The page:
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Boat plug, bait and fish transporting rules for South Dakota.

 

As summer kicks into full swing, we would like to give you a fresh reminder on the boat plug and bait and fish transporting rules for South Dakota.

DRAIN PLUGS: Boaters and anglers are required to open or remove all drain pluge or similar devices; except when in the boat ramp parking lot or when the boat is being launched and loaded.  Plugs must remain out of the boat during transportation and storage.

BAIT: Bait and fish may not be transported in water taken from a lake, river or stream. Bait may be transported in water taken from a lake, river or stream while in route to a fish cleaning station only if the cleaning station is located within the parking lot area and must be drained prior to leaving the fish cleaning station.

FISH: Anglers have three options for transporting whole fish for cleaning at home or at a cleaning station not within the boat ramp parking area:

  1. In a container –  (not a part of the boat) that is filled with domestic water (tap, well, bottled or ice).
  2. On ice – in a cooler or pull the plug on their livewell and fill it with ice (plug must remain out).
  3. Dry – put fish in an empty bucket or pull the livewell plug before leaving the boat ramp and let it drain while traveling.

Remembering these simple rules will help keep South Dakota’s lakes, rivers, ponds and streams free from invasive species. 

Stay educated, stay informed and help current and future generations slow the spread of AIS in our great state. You can also visit sdleastwanted.com at any time to learn more about what you can do!

 

 

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STRUCTURE Makes the difference By Gary Howey

  You won’t have to look very far in most fishing publications or on a fishing show where you won’t hear the words structure mentioned several times.

  One thing is for sure, when you locate the structure on a farm pond, Lake Oahe or Lake Kampeska, you’re going to find the fish.

  Structure, exactly what is it?  A good definition of structure would be any difference or change on the bottom configuration.  At times, it might be large and at others, not large at all.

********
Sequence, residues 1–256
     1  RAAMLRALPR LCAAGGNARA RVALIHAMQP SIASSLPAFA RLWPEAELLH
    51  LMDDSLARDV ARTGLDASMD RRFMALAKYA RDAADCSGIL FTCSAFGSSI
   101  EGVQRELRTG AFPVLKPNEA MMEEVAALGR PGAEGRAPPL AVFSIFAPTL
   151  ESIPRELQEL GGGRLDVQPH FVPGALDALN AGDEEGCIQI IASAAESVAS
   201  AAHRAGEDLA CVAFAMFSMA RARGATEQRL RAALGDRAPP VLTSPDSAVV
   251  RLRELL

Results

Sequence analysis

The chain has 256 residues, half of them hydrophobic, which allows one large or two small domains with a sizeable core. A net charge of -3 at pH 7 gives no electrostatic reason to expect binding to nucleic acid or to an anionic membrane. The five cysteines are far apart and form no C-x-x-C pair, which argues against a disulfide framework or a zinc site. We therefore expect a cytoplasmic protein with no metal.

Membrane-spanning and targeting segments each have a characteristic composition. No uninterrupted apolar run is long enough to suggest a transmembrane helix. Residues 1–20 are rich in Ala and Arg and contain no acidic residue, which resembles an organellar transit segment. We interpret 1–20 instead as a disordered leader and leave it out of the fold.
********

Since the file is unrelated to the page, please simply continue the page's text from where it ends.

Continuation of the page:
No matter what size or type of structure you find on any body of water, it’s a good bet that there will be some aquatic life in that area.

 Now that we know the fish you are hoping to catch might be relating to some sort of structure in the lake, all you need to do is to locate the right piece of structure. This change in the bottom contour can attract numerous species of aquatic creatures, which creates a food chain.

  To make our body of water the underwater structure easier to understand let’s put it into above water terms. Let’s imagine a large pasture is your body of water with a large tree in the middle and a small clump of plum brush in the corner.

  Fish are like any other animal such as a deer or coyote and when they enter the pasture, the first thing they’re going to see is these two changes or features in the field and they’re drawn to them as these may be a good place to look for food.  If they’re underwater, these changes would be called structure.

  As I mentioned earlier, the change doesn’t need to be huge, as it can be a slight depression on the bottom or areas where the bottom content changes from soft mud to hard gravel.

   I’ve caught fish around some structure so small, unless I’d seen it when the water was low, I’d have never known it was there. 

  It could be a few weeds along the shoreline, a change from mud to gravel, a depth change in the old river channel, submerged trees, humps or points in the Missouri River reservoirs lakes. It doesn’t have to be a drastic change; it just needs to be something different.

WHY FISH RELATE TO STRUCTURE

  Studies have shown us how fish relate to structure and how much is needed in order for the fish to be attracted to one particular area.

  In studies, fish were put into a large stock tank and when the bottom configuration is all the same, the fish roamed around the tank. However, when rocks were placed on the bottom, the fish moved onto those rocks.  This example didn’t give the fish all they needed as most real structure does, but it gives you an idea as to how fish react to it.

  What draws these fish to these areas is simple; structure in a lake, reservoir or pond gives the fish everything they need; a food source, security and in some cases comfortable water temperatures. [Read more…]